* Nikkei futures, stronger yen point to further Tokyo share
* Ukraine's Monday ultimatum to separatists saps risk
* Euro undermined by ECB officials' talk of more easing
By Lisa Twaronite
TOKYO, April 14 The safe-haven yen started the
week on a firm footing and Asian shares braced for more losses
on Monday after a dismal week on Wall Street.
Ongoing tensions in Ukraine also sapped investors' appetite
for risk. Ukraine gave pro-Russian separatists a Monday morning
deadline to disarm or face a "full-scale anti-terrorist
operation" by its armed forces, raising the risk of a military
confrontation with Moscow.
European Union foreign ministers will hold talks later on
Monday about tougher sanctions against Russia.
Nikkei futures pointed to an early dip, with a
stronger yen seen undermining shares of exporters. S&P 500
e-mini futures were down about 0.3 percent.
MSCI's broadest index of Asia-Pacific shares outside Japan
shed 0.7 percent on Friday, pulling away from
five-month highs hit on Thursday.
U.S. stocks slid in a volatile session on Friday, with the
Nasdaq closing below the 4,000 mark for the first time since
early February as investors bailed out of high-flying technology
and biotech shares.
Ahead of that, Japanese shares tumbled to six-month lows,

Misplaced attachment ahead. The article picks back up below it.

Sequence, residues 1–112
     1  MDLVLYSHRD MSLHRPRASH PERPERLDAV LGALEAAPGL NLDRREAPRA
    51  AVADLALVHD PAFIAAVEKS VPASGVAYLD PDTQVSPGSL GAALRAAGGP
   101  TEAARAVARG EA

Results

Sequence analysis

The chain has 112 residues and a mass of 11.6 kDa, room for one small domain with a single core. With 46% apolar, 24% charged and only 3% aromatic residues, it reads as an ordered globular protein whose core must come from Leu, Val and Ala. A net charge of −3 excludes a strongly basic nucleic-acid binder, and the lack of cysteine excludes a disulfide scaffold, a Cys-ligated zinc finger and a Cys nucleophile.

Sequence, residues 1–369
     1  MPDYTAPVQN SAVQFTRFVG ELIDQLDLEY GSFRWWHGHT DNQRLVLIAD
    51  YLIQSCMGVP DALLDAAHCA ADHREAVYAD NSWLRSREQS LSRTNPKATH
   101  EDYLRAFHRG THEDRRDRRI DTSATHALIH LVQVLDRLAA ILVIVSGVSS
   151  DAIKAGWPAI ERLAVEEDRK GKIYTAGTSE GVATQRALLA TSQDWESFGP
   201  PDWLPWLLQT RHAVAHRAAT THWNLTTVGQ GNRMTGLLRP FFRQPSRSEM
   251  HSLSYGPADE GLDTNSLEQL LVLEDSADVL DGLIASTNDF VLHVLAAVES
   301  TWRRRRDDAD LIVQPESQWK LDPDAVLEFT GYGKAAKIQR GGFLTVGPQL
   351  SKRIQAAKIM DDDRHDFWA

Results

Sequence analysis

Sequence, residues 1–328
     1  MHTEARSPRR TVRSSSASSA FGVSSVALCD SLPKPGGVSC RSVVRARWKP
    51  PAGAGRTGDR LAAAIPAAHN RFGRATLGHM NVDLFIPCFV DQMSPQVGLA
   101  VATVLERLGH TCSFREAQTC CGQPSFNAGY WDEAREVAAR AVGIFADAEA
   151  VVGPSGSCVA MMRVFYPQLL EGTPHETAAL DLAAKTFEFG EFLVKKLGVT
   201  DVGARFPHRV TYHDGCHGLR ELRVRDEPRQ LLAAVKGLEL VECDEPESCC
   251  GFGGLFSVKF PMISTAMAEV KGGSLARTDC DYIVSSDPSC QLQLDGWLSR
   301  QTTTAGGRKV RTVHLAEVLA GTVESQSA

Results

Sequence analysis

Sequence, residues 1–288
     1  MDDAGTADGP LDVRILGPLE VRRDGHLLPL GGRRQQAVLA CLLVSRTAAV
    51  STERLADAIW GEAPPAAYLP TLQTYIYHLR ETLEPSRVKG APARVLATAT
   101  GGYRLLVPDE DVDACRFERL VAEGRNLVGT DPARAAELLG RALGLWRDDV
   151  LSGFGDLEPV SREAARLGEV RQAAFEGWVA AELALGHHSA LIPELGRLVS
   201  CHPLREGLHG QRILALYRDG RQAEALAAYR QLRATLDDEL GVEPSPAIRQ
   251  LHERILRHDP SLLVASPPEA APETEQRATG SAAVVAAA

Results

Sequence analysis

shedding 7.3 percent on the week, which was their biggest weekly
fall since devastating earthquake and tsunami in March 2011.
The low-yielding yen benefited from the heightened risk
aversion. The dollar was down about 0.2 percent in early trading
at 101.46 yen, after touching a 3-1/2 week low of 101.32
yen on Friday, a far cry from a 2-1/2 month high of 104.13 yen
set on April 4.
The dollar index steadied, edging up to 79.603,
though April 4's seven-week high of 80.599 remained a distant
memory after the greenback's battering last week as U.S. stocks
"Given the technical damage inflicted on the dollar and the
decline in U.S. interest rates, it is tempting to look for the
greenback's losses to accelerate," said Marc Chandler, global
head of currency strategy at Brown Brothers Harriman.
"We are more inclined to think that rather than breaking
out, the dollar simply moved to the lower end of its
ranges. This means that the greenback may do a bit better in the
days ahead as participants will likely be denied fresh
incentives," he said in a note to clients.
The dollar got some help against the euro from European
Central Bank officials, whose comments rekindled speculation
about more easing in the euro zone.
The euro fell about 0.4 percent to 140.52 yen.
Against the dollar, it shed about 0.3 percent to $1.3843,
moving away from a 3 1/2 week peak of $1.3906 hit on Friday.
ECB President Mario Draghi on Saturday told a news
conference that "a further strengthening of the exchange rate
would require further stimulus."
The ECB is ready to make asset purchases if it deems them
necessary to counter a prolonged period of low inflation, ECB
Executive Board member Benoit Coeure said on Sunday.
European Central Banker Christian Noyer said on Monday in an
interview with daily newspaper Le Figaro that euro weakening was
"The stronger the euro is, the more accommodative policy is
needed," Noyer said.
Spot gold XAU= added about 0.6 percent to $1,327.10 an
ounce, after marking its second straight week of gains.
(Editing by Shri Navaratnam)